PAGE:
Anyways, good to see Xbox embracing a digital distribution model for a top franchise. (Wii fanbois need not remind me of those downloadable Classic NES games, they don't count)
Thursday, June 21, 2007
Currently, there are two known locations on the continental United States that do not have a mobile signal nor any broadband Internet access. One of these locations is so remote, you'd have to dog sled to a negative visibility airstrip somewhere in Minnesota, look for a siding-patched trailer, drop kick the door and begin to compel not only the guy inside, a twitchy pilot named Shuka, but also your surviving dogs to join you in the single prop Cessna parked out back. Next, you'd have to fly (if you can call it that) over two peaks so high you'd get brain freeze just by looking at them and then, swoop over crevasses wedged with the middle-aged bodies of adventure-seeking Orange County accountants. Finally, you'd land on a frozen lake. As you hike towards the middle of the lake with your cell phone in hand, you'll start to see and feel the modern world drift away from you, one painful bar at a time. Yes, welcome to the first dead zone.
The second one is in Montgomery Bell State Park, just an hour away from Nashville, Tennessee. You get here by leaving your very comfortable apartment in Playa Vista, CA (where there is so much unsecured wi-fi, an erection is probably all you need to check email), heading to the airport and plopping down in the "B" line, all the while, promising yourself never to book on an airline named after only one direction. At some point, after being toss fed a creative mix of snacks that you're pretty sure never involved someone with a culinary degree nor would ever be titled "Springtime Variations on the Vendings of My Youth", (though wouldn't it be great if they were) you land. You drive through roads that your GPS TomTom doesn't even know and it starts to say to you, "Are you sure you want to turn right here? I saw a movie once and it didn't end well if you turned right here." But you still turn right and left and before you know it, you reach an outpost of humanity that some people call a State Park. This is the type of place people like having family reunions because if you and your family end up killing each other, no one outside would ever find the bodies.
And so here I am. My cell phone lays stubbornly exhausted on the night stand, not quite able to accept the realization that there are no bars to be found. There is not a LAN outlet in site. Around here, you'd be more likely to find a bear kissing a wolf than a wi-fi signal. I am truly and sadly in a dead zone.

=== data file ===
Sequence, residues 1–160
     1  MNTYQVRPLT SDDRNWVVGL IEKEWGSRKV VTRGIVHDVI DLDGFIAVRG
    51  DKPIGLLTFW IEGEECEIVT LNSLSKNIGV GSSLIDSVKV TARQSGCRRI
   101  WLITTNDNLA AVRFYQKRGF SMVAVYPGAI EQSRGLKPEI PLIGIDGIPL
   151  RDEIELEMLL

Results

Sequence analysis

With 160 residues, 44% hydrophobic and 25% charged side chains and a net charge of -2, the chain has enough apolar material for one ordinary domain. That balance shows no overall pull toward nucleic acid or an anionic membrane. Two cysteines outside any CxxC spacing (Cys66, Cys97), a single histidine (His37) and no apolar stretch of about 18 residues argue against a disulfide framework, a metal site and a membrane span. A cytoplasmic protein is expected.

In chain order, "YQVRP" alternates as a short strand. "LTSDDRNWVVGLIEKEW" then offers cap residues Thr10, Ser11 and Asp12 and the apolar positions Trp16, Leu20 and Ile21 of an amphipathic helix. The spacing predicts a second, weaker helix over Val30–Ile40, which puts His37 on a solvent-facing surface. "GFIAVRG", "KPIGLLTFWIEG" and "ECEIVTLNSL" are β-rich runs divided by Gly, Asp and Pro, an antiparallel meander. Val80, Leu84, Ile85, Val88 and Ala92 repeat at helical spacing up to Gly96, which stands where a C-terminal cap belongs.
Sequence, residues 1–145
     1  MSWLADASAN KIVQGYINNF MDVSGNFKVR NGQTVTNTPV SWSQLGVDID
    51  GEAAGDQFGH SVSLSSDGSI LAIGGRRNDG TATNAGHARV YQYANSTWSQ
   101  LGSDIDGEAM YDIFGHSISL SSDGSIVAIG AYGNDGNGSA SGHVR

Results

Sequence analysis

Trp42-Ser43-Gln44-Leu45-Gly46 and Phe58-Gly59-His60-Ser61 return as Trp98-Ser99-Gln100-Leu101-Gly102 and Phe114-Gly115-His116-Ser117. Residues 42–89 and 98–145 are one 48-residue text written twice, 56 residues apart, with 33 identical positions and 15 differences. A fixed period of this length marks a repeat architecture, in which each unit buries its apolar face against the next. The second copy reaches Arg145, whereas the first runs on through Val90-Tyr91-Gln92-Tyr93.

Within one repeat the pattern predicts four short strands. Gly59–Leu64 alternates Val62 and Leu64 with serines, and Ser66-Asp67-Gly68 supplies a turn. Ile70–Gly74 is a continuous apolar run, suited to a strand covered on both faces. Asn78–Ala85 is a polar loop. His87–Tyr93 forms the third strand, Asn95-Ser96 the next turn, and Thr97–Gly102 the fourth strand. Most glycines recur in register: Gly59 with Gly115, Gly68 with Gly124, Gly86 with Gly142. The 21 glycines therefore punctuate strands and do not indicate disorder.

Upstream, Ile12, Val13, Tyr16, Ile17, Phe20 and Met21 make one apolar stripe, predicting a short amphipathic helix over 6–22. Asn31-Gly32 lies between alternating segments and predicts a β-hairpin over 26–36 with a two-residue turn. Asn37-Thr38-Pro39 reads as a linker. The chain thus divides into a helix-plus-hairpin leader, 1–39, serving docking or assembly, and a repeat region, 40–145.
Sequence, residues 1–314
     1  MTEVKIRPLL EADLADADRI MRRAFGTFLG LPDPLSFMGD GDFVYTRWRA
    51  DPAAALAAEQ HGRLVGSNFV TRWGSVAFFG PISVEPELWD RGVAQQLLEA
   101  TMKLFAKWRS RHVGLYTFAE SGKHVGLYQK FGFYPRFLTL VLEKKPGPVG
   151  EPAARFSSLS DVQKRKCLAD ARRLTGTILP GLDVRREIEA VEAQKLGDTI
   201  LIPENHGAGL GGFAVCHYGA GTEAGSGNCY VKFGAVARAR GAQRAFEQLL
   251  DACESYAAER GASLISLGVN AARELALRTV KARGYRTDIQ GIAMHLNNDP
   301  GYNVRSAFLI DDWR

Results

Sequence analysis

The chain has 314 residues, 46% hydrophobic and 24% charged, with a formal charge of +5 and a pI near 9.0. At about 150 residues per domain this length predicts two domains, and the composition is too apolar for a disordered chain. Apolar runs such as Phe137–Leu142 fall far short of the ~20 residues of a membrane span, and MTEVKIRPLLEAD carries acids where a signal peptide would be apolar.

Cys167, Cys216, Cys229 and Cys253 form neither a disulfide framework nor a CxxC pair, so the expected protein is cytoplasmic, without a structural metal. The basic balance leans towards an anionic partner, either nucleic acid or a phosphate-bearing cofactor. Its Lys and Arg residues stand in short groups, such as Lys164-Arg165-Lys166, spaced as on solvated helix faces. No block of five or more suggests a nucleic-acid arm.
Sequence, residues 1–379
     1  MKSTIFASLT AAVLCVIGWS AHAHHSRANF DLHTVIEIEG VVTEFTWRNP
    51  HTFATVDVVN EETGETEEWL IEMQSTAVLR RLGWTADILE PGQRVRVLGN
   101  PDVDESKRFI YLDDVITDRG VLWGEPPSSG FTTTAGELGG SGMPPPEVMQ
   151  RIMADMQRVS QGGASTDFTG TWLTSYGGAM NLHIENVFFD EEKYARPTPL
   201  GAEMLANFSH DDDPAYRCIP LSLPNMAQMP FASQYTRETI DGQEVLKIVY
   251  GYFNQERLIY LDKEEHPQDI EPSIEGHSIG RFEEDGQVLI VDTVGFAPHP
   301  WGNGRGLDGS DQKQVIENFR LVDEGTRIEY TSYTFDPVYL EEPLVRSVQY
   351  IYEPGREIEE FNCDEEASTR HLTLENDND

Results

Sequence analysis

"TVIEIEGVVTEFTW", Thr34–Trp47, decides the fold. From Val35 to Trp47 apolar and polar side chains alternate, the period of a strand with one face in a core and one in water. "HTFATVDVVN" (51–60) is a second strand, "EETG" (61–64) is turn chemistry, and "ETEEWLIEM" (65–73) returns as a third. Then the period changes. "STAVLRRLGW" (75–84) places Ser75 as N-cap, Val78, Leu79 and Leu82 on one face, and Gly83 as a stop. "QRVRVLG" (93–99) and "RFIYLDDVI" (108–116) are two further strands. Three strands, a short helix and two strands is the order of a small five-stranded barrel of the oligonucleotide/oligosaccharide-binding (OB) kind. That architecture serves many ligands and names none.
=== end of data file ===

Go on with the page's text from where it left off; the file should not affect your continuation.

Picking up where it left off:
Earlier this evening, in an act of desperation, I yanked the cord from the room's phone and plugged it into my laptop, feeling like I just stole an old lady's wheelchair to joyride down the hill. I post now after spending nearly 2 hours signing up for NetZero dialup. As I type, the NetZero Taskbar application mocks me from it's "always on top" throne in the upper right of my screen, reminding me of my servitude.
What can I say? I'm nothing without internet access.
This weekend, I'll be at the Montgomery Bell State Park in the good ol' state of Tennessee. You see, there ain't no thing likes the en'dars'net over dar so... I'll be out of touch for a while. Not that I haven't been out of touch. You know how it is.
Anyways, I appreciate the visit and I'll see you next week. In the meantime, you appreciate your connectivity to the rest of the world, savor it... enjoy it like the last little morsel of sweet chocolaty goodness that it is.
Tuesday, June 12, 2007
Was working with a colleague today and started chatting about life (non-work) stuff. As I like to consider myself a gamer, I mention my passion for games when opportunities like this present themselves. After some apprehensive pauses and a caveat of "Well, I haven't played in ages", it turns out that my co-worker is a fan of KOTOR. Now this took me by surprise. When people say they haven't played in ages, it usually means the last time they took up the "sticks" (as my neighbor, who is much cooler than I, calls controllers) was for Super Mario Bros or some variant of Madden. KOTOR, well, KOTOR is in a different league entirely.
If you play through a Star Wars RPG, you're a gamer. I don't care how you spin it. You've firmly entrenched yourself into gamer geekdom, case closed. Now, I didn't actually bring this up to him but I became acutely aware that he was very self-conscious about this revelation, as if this was the first time he came out of the gamer closet.
Sure, this story probably isn't unique. You probably run into people you'd never guess could kick your ass in Halo or blindside you in AOE 4. The thing is, why aren't these people more open about their gaming? The dreaded gamer stigma? Perhaps... that would be the obvious explanation.
I have an alternate theory: Let's call it the lonely gamer syndrome. There are very few titles out there that make it easy for people to talk to each other. Unlike watching Lost or Heroes, there's a lack of a common but disassociated experience. Sure, games have story lines that we could talk about but I think there's a problem with game story lines. When we play games and we assume the role of the protagonist, we internalize the story. There's just no good way to say, "Well, when I decided not to kill that guy, it was a poignant moment." That just doesn't work for me. Sports games are the same. "Dude, I was 2 points down with only half a second to go and I made this killer dunk that shook the house!" I can't quite put my finger on it but it sounds weird.
Would we get more social acceptance of games if we had more games we could talk about openly without that weird feeling described above? Are games, as a form of interactive entertainment, doomed to forever help us escape but not relate?